The Acadians began as a group of (primarily French) settlers in 17th century
Canada. Over the years, they have been subjected to numerous hardships
that usually result in the disappearance or assimilation of a culture.
The Acadians were able to retain large portions of their identity, even
after their homeland was taken and they were exiled. Although some were
later incorporated into other cultures and societies, their heritage is
still evident in the lives of their descendants.
This online presentation will begin with the origin of the Acadians. We will then look at the Acadians as they settled a new
land and created their own culture. The next major chapter in Acadian
history is the Grand Derangement ... when the Acadians
were stripped of their land and exiled. Following this tragic dispersion,
the Acadians found themselves in new lands.
Although scattered, there still remained large numbers of Acadians in two
places. Those who escaped (and returned) to Canada developed their own Acadian
culture (in Canada) in several areas. The other major group of Acadians
found themselves in Louisiana and became today's Cajuns.
Along the way, you will find several other aids, such as a History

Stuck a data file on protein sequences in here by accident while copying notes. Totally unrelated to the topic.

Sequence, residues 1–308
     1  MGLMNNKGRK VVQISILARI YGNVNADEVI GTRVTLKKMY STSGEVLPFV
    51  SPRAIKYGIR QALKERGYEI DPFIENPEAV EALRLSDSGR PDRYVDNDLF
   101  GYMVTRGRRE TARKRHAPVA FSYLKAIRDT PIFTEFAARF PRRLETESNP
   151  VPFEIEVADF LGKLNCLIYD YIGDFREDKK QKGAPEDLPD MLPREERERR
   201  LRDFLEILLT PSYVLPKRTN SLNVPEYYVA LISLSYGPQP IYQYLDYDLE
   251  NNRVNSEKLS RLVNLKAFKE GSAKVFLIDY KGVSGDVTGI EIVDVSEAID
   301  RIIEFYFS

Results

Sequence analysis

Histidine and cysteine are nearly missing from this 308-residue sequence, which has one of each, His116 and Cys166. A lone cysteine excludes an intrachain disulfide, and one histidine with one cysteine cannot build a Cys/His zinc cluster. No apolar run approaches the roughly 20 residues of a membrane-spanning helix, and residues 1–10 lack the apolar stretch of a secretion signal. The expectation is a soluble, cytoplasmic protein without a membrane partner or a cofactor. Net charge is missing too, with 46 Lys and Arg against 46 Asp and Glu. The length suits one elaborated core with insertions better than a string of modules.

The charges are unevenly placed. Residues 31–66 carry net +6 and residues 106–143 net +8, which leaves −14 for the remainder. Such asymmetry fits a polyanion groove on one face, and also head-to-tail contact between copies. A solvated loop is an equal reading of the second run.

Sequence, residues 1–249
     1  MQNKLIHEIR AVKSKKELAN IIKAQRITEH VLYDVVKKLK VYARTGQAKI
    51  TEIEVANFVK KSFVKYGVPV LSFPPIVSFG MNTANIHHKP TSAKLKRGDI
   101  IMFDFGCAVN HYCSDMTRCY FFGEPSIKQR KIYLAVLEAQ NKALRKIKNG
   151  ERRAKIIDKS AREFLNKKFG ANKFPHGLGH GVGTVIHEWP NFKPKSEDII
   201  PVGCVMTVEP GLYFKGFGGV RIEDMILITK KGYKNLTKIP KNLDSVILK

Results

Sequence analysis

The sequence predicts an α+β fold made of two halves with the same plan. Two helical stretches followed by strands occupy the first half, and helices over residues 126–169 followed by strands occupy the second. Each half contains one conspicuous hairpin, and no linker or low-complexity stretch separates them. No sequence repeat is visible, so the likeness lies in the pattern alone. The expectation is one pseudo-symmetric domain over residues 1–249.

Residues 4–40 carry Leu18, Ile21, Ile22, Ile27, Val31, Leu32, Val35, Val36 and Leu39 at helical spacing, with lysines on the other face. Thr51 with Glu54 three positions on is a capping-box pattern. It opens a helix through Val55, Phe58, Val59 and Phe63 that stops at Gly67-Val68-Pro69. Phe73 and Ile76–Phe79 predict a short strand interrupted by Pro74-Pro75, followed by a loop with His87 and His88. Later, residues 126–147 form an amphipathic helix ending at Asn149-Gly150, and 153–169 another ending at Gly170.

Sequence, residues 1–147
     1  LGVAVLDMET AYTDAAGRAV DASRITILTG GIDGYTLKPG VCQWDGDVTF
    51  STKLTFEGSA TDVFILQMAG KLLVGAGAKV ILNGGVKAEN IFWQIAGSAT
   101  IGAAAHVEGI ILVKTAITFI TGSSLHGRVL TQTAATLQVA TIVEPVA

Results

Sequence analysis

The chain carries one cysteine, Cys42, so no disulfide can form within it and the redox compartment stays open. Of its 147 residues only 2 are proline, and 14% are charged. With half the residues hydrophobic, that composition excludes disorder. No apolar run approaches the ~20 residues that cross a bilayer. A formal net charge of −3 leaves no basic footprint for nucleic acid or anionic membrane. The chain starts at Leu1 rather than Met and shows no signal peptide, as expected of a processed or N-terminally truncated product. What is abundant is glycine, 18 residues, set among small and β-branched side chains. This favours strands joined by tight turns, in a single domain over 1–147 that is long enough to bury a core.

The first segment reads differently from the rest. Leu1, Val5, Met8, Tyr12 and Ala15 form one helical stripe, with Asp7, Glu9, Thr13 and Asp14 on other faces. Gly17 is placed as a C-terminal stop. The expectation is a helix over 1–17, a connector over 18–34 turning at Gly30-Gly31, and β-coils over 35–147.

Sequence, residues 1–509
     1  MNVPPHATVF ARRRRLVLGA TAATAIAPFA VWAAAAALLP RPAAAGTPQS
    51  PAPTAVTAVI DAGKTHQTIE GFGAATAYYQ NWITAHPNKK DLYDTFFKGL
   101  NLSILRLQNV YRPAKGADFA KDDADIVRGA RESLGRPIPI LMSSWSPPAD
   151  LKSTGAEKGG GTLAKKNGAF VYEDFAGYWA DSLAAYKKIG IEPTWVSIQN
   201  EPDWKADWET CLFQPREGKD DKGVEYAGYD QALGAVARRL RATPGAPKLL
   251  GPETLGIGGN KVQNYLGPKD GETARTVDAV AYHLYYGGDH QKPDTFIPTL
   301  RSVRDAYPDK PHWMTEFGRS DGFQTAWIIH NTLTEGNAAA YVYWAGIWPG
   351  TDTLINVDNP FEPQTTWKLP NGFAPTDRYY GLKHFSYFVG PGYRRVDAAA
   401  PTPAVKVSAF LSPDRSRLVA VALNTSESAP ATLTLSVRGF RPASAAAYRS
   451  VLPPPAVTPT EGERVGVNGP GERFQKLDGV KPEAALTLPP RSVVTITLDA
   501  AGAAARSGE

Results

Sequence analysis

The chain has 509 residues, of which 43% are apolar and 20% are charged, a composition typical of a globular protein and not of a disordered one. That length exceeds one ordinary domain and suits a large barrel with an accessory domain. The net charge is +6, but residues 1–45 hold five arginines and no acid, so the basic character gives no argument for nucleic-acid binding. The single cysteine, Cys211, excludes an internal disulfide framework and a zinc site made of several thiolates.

Timeline, Maps, and Additional
Accounts of Old Acadie
... 1632 to 1755
• Acadian Settlements
History - Acadians in Louisiana
|Acadian History thru the years in books
Raynal wrote about Acadia in 1779 (A
Philosophical and Political History of the Settlements and Trade
of the Europeans in the East and West Indies). He was born
in 1713, but never visited the country. But the work does reflect
the ideas of France at that time. Thomas Chandler Haliburton wrote
a history of Nova Scotia 40 years after Raynal. He stated that Raynal’s
account wasn’t far from the truth. He lived in the area, and in fact
was a judge there. His book was published in 1829. Rameau
wrote La Franceaux Colonies in 1859 and Une Colonie
Feodale en Amerique in 1889. Beamish Murdoch wrote the History
of Nova Scotia in 1865. The volumes of Nova Scotia Archives were started in 1857
and completed in 1869, though the compilation by Akins may have omitted
a lot of material that held the Acadian point of view. Both the History
of Nova Scotia by Campbell and Histoire de l’Acadie by Moreau were completed in 1873. Hannay completed his History
of Acadia in 1879. Philip H. Smith wrote Acadia - A
Lost Chapter in American History in 1884. Casgrain wrote Pelerinage
au Pays d’Evangeline in 1888. Parkman’s work Montcalm
and Wolfe, which included information on Acadia, was done in 1884.
Murdoch really didn’t express his own opinion. Most (except for Parkman
and Hannay) held the same view as Haliburton. Richard's Acadia (written in 1895) tries to take the Acadian point of view. It focuses
most of its attention on the deportation and the events leading to it.
Bona Arsenault's History of the Acadians, done in the 1950s,
also tries to be fair to the Acadians' plight. Many other works,
such as the recent (1995) A Land of Discord Always by Charles
Mahaffie, try to explain the true story that was hidden for so long.